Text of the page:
More on Arps:  Nazi-themed company owner charged with possessing objectionable material

Beneficial Insulation, which Arps owns, features a number of Nazi-related themes in its name and branding.

The company’s white extremist branding and Arps’ racist views, which he promotes online, sparked a public outcry in the wake of the mass shooting in Christchurch that left 50 people dead with another 30 still in hospital.

Stuff has also sighted an angry email from Beneficial Insulation owner Phil Arps sent to a customer which was signed off with a false Adolf Hitler quote and featured right wing extremist views.

Beneficial Insulation’s company logo is a sunwheel, or black sun, which was appropriated by Nazis.

Beneficial Insulation also charges $14.88 per metre for insulation – 14.88 is a hate symbol popular with white extremists.

The company’s website www.BIIG.co.nz, is an acronym for the company’s full name Beneficial Insulation Installs Guaranteed. BIIg was the name of a barracks at Auschwitz concentration camp, operated by Nazi Germany in occupied Poland during World War II and the Holocaust.

The company’s staff wear camouflage print uniform.

Being remanded in custody means that the police, the prosecutor and judges all considered it appropriate in the circumstances. Without knowing all the details it is not possible to know whether this is concerning or not.

There have been other arrests following the shootings – Police arrest several people for ‘inciting fear’ after Christchurch terror attacks

In the days since, police have arrested several people, including a 25-year-old Auckland man who is accused of threatening members of the public.

The man allegedly addressed people on Stoddard Rd in Mt Roskill and said: “I’m going to kill someone … F*ck New Zealand.”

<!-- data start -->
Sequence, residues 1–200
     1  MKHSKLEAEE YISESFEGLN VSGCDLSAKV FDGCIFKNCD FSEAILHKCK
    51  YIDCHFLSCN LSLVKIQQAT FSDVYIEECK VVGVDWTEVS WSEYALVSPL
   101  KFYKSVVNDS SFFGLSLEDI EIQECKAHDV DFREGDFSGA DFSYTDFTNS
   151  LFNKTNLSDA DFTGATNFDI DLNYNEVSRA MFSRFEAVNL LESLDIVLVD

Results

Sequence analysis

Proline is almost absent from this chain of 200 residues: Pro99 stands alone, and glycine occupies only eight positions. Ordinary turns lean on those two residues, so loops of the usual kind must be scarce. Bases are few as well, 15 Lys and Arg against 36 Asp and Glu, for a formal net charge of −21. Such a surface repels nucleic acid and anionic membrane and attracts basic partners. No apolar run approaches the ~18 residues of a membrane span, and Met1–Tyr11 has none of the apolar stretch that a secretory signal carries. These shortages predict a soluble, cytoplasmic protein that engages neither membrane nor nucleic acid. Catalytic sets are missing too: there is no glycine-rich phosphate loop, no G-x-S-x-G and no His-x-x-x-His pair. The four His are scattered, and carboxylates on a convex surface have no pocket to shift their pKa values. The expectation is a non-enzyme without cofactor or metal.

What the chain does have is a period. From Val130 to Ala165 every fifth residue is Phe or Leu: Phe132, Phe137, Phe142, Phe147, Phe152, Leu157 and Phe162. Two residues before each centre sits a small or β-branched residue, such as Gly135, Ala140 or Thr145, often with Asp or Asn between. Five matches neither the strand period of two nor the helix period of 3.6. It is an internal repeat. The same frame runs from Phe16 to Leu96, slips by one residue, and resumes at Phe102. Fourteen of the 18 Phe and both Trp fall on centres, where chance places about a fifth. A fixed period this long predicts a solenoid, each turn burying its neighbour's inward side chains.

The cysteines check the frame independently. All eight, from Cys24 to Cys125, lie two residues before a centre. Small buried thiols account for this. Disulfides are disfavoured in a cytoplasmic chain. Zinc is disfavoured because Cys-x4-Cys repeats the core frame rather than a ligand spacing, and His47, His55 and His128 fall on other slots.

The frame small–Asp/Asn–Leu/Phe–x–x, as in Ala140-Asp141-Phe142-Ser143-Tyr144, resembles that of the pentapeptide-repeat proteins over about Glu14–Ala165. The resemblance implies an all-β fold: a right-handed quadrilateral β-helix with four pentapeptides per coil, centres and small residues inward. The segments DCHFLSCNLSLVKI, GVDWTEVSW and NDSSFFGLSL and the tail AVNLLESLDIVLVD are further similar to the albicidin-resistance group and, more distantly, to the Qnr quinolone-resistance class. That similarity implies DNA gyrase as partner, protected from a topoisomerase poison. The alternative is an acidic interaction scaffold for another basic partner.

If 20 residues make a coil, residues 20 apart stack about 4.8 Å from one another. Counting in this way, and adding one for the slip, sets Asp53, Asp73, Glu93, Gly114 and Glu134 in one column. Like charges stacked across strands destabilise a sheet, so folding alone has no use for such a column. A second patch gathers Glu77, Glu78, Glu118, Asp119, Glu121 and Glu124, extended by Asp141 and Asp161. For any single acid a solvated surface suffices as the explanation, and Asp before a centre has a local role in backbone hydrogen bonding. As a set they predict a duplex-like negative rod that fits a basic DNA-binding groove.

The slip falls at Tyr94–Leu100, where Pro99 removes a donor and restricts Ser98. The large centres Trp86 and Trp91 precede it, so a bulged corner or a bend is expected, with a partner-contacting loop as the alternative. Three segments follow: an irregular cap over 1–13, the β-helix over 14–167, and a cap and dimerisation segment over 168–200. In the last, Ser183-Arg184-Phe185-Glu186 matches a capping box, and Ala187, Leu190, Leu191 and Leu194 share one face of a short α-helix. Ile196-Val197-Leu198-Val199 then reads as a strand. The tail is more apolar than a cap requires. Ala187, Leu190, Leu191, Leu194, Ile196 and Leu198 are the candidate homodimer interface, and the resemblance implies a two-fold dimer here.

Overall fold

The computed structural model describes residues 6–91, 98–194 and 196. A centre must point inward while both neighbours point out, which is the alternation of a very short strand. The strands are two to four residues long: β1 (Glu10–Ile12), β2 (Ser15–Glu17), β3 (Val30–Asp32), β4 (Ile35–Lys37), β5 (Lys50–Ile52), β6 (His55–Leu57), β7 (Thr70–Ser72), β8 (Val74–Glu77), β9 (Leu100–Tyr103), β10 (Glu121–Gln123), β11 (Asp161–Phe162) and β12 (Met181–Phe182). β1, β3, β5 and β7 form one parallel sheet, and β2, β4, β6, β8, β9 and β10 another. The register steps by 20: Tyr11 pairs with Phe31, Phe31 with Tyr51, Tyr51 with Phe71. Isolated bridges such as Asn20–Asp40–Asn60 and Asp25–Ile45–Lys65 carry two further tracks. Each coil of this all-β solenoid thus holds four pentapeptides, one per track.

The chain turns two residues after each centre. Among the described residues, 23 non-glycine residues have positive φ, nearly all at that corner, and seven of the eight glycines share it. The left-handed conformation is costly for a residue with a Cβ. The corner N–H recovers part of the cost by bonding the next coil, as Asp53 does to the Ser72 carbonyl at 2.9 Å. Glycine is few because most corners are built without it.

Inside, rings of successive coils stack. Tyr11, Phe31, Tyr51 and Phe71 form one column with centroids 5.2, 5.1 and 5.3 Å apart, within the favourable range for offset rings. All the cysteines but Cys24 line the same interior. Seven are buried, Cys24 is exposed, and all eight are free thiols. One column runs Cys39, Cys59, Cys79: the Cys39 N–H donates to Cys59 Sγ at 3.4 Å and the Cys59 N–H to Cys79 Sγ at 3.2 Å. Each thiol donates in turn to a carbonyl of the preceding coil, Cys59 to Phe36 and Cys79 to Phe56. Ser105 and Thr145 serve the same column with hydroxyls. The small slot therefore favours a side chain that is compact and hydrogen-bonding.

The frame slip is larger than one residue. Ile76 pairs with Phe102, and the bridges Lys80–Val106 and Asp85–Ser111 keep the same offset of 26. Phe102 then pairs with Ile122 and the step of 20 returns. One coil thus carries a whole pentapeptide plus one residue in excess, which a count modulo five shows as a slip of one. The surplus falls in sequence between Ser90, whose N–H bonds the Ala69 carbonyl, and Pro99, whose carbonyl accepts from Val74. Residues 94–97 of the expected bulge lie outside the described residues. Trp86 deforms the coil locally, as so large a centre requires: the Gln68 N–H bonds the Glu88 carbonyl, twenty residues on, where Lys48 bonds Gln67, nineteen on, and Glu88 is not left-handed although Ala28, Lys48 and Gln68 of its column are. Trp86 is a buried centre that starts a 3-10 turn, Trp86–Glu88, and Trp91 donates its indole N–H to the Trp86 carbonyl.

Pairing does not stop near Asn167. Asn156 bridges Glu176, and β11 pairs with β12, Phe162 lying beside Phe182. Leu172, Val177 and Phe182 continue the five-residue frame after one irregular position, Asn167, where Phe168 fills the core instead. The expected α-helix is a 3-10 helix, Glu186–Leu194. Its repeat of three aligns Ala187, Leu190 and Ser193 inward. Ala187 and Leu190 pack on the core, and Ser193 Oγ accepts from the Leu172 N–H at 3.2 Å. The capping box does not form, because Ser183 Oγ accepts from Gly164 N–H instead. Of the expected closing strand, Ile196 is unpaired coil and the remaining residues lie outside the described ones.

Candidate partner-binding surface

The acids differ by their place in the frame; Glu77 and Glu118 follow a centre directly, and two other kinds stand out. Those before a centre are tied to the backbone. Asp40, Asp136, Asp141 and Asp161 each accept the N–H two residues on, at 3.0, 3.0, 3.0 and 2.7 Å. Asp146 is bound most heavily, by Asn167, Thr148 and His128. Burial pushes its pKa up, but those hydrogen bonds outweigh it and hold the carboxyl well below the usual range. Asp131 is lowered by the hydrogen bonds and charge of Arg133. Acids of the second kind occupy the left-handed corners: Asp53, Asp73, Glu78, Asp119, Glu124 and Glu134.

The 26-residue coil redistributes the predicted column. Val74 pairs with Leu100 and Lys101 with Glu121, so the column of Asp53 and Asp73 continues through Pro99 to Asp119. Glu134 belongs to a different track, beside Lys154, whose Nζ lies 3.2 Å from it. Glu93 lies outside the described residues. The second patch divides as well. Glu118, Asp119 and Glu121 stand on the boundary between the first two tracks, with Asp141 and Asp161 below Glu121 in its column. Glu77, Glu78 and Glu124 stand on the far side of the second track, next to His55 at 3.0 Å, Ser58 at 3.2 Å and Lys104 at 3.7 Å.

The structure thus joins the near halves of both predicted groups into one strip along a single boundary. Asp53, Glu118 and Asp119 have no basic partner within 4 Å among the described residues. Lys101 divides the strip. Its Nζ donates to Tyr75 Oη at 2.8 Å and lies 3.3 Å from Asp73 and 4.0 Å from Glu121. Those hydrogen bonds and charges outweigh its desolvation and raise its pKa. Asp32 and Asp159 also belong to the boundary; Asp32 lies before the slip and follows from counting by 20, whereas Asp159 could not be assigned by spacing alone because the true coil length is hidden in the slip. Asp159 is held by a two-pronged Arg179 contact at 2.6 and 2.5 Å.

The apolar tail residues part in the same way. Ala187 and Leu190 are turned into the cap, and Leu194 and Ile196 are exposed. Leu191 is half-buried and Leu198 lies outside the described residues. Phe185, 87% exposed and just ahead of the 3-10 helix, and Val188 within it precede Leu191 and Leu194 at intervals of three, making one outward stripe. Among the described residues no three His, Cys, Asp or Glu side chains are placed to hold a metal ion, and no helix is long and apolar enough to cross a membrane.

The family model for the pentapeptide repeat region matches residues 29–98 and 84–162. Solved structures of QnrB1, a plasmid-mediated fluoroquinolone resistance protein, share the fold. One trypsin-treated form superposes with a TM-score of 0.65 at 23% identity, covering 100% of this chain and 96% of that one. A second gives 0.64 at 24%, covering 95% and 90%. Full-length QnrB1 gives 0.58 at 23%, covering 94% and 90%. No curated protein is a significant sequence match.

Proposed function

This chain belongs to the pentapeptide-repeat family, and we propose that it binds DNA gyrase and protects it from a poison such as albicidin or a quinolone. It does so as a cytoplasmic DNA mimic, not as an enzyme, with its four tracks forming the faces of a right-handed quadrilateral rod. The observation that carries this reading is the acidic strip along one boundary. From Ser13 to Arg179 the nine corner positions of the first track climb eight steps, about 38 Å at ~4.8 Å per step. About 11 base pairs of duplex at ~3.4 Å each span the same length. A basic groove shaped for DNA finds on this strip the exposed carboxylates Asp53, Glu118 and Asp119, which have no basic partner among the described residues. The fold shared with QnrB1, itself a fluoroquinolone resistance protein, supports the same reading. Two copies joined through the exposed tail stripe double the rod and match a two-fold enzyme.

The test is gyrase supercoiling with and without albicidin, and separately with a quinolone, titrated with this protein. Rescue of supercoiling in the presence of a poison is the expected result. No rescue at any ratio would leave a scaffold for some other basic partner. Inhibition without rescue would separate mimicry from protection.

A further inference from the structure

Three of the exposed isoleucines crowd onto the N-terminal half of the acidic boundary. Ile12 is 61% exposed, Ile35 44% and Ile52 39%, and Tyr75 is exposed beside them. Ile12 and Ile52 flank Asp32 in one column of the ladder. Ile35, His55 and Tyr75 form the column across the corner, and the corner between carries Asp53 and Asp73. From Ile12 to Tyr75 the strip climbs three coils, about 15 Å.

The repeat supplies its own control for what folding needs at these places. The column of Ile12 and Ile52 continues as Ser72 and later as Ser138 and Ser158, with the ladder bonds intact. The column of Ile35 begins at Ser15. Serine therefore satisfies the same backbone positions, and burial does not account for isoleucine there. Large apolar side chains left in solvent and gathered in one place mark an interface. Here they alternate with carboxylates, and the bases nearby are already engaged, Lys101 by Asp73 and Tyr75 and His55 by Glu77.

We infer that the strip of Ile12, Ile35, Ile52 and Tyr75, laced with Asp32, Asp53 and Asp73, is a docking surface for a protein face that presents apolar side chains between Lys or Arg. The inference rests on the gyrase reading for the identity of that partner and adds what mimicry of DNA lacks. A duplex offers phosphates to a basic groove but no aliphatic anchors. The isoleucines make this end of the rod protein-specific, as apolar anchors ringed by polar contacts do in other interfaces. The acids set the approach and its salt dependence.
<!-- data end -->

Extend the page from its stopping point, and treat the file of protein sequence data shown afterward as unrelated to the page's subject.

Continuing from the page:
He appeared in the Auckland District Court on Tuesday and has been charged with offensive behaviour or language. He was remanded in custody and will appear in court again next month.

Another remanded in custody.

A Wairarapa woman was also was arrested on suspicion of inciting racial disharmony after a message was posted to her Facebook page.

Police said on Wednesday a decision was still to be made about whether the woman, believed to be in her late 20s, will be charged.

Senior Sergeant Jennifer Hansen said social media post “upset a number of people because it referred to the events in Christchurch”.

The policewoman said the post was brought down relatively quickly, but not before “a number of people had already seen it and raised concerns”.

A charge of inciting racial disharmony under the Human Rights Act can be laid against a person who “publishes or distributes written matter which is threatening, abusive, or insulting” to other people, on the grounds of colour, race, ethnicity or national origins.

The offence carries a maximum penalty of three months’ imprisonment or a $7000 fine.

It may be that the police and the courts are taking a hard line approach to any behaviour related to the Christchurch shootings to try to deter any escalation in violence or threats of violence.

ISP web blocks and online censorship debate

The Christchurch mosque attacks prompted unprecedented action from New Zealand Internet Service Providers, who tried to block access to the video of the attack.  This has just been extended.

We are heading into some important debate about censorship and free speech.

Newsroom:  ISP keeps Chch web blocks after Govt intervention

New Zealand’s largest internet provider has reversed plans to stop blocking websites which hosted videos of the Christchurch terror attack, after a last-minute intervention by the Government.

In the wake of the mosque shootings, a number of New Zealand’s biggest ISPs took what they themselves acknowledged was an “unprecedented step” – blocking websites which were hosting a video of the attack live-streamed by the alleged murderer, as well as his manifesto.

In an open letter explaining the move and calling for action from larger tech companies, the chief executives of Spark, Vodafone and 2degrees said the decision was the right one in “such extreme and tragic circumstances”.